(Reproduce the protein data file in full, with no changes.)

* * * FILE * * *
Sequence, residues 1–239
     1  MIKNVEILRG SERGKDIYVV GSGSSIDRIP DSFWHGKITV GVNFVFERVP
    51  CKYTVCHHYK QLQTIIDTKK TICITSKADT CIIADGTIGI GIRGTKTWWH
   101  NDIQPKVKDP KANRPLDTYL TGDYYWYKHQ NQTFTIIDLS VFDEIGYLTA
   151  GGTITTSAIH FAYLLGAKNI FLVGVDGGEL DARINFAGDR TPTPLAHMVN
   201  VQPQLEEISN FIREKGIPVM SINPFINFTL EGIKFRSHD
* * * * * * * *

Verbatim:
Sequence, residues 1–239
     1  MIKNVEILRG SERGKDIYVV GSGSSIDRIP DSFWHGKITV GVNFVFERVP
    51  CKYTVCHHYK QLQTIIDTKK TICITSKADT CIIADGTIGI GIRGTKTWWH
   101  NDIQPKVKDP KANRPLDTYL TGDYYWYKHQ NQTFTIIDLS VFDEIGYLTA
   151  GGTITTSAIH FAYLLGAKNI FLVGVDGGEL DARINFAGDR TPTPLAHMVN
   201  VQPQLEEISN FIREKGIPVM SINPFINFTL EGIKFRSHD